Can God create an immovable stone?
Seth Kurtenbach © 2011
University of Missouri

This article (here slightly edited) originally appeared at,
June 2, 2011.
Re-printed here with the permission of the author.

One of our members recently posted a link to a great website, Fallacy Files, on our facebook wall.  I did some browsing, and stumbled upon a modal logic fallacy: the modal scope fallacy.  I did some more clicking, and ended up reading Professor Norman Swartz’s article on the modal scope fallacy.  In it, he claims that the argument against God’s omnipotence – based on the immovable stone – commits the modal scope fallacy.  This is one of my favorite arguments, so I decided to take a closer peek.  It turns out that Swartz’s analysis is a bit too coarse-grained for my purposes, representing “God is omnipotent” as “G”, and “God creates an immovable stone” as “M”.  I thought this might be a nice opportunity to show what modal logicians do.  I will give a more precise analysis of the argument, find out that Swartz’s analysis holds, and then show why under the assumption that God is a necessary being, the argument holds, just as Swartz speculates.  This will bore and disappoint many of you.

I’ll start with Swartz’s analysis of the argument.  He says:

God is omnipotent, i.e. God can do anything which is logically possible. Making a stone which is so heavy that it cannot be moved is logically possible. Therefore God, being omnipotent, can make a stone so heavy that it cannot be moved. But if God makes a stone so heavy that it cannot be moved, then God cannot move it. But if God cannot move that stone, then there is something God cannot do, and hence God is not omnipotent. Thus if God is omnipotent, then God is not omnipotent. But any property which implies its contradictory is self-contradictory. Thus the very notion of God’s (or anyone’s) being omnipotent is logically impossible (self-contradictory).

The argument, as presented just above, is an unholy amalgam of two different arguments, one valid, the other invalid. The valid argument is this (where “G” = “God is omnipotent” and “M” = “God makes an immovable stone”):

G ⊃||M
|M ⊃ ~|G
G ⊃ ~|G

Although the immediately preceding argument is valid, its second premise is false. The true premise is used in this next argument, but this next argument is invalid:

G ⊃||M
M ⊃ ~|G

To derive ~|G from the latter pair of premises, one would have to add the further premise, M. But so long as M is false, the conclusion ~|G remains underivable. God, thus, remains omnipotent provided that God does nothing, e.g. making an immovable stone, which destroys His/Her omnipotence.

(Question: What if God is omnipotent – as some have argued – of logical necessity and exists necessarily, i.e. in every possible world? The answer, I’m pretty sure, is that, under these conditions, God’s making a stone so heavy that God cannot move it is a logical impossibility.)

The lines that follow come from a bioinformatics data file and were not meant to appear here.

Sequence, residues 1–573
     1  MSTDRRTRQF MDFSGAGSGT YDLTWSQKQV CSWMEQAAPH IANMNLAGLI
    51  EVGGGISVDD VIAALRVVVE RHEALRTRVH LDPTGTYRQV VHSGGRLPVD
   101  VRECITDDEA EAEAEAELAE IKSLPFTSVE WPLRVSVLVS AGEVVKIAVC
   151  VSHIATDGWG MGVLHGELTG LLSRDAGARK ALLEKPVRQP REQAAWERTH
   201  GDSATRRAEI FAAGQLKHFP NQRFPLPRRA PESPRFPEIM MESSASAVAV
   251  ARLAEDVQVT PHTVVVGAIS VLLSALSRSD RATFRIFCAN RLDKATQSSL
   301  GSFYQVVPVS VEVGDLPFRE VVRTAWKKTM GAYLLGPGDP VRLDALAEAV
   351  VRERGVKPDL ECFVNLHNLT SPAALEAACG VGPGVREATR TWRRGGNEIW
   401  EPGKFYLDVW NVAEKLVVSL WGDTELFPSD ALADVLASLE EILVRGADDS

Swartz says the second premise of the valid argument is false.  The premise says, “if it is possible for God to create an immovable stone, then God is not omnipotent.”  As the English version of the argument indicates (I’ve emboldened the sentence), God’s lack of omnipotence follows from his actually making an immovable stone.  The beginning of that sentence is not “If God can make”, but “If God makes”.  This is a big difference, modally.  It is like the difference between “If one can murder his father, then one deserves punishment” versus “If one murders his father, then one deserves punishment.”  We need God’s omnipotence to be destroyed by the possibility of making an immovable stone, and so far the above argument does not establish that.

Upon reading his analysis thus far, I felt the skeptical beast inside me awaken and grumble.  I doubted that his analysis was correct, but I recognized that everything else he had said so far in the article seemed correct.  I had a good reason to believe what he said.  So, I suspended my belief that the argument was valid, and decided to look at it more closely.  Two things immediately jumped out at me as requiring closer analysis.  First, the notion of an agent’s ability to do things can be analyzed with a system of action logic, called STIT.  STIT stands for Sees To It That.  It is a logical operator that connects an agent to a sentence, representing the idea that when an agent does something, he makes sure that some sentences are true.  For example, when I walk my dogs, I see to it that the sentence, “Sasha and Gypsy are walking outside” is true.  We can let the symbol W express that sentence.  So, to logically represent my walking the dogs, we can say [|seth STIT: W|].  Now, STIT logic represents ability like this: ||[|seth STIT: W|]; this says “Seth has the ability to see to it that Sasha and Gypsy are walking outside.” [ Note 1 ]  With the tools of STIT logic, we can more precisely analyze the parts of the argument that deal with God’s ability to do things.  But before we dig in, there is another element to the logic I must explain. That is the second thing that jumped out at me.

To say that God is omnipotent is to say that God can do anything.  Some want to qualify this with “that is logically possible.”  I will ignore this qualification.  The important thing to recognize is that the claim “God can do anything” requires first-order predicate logic, not merely propositional logic.  Predicate logic allows us to express certain sentences mathematically – sentences such as: “All men are mortal” and “Some people have allergies”.  (It comes to us compliments of Frege and Russell.)  Predicate logic lets us generalize over claims about all things and some things.  Because “God can do anything” makes a claim that generalizes over all things, we need predicate logic for a precise analysis.  The symbol “(∀x)” says “for all x”, and the symbol “(∃x)” says "there exists an x" or (equivalently) “for some x”.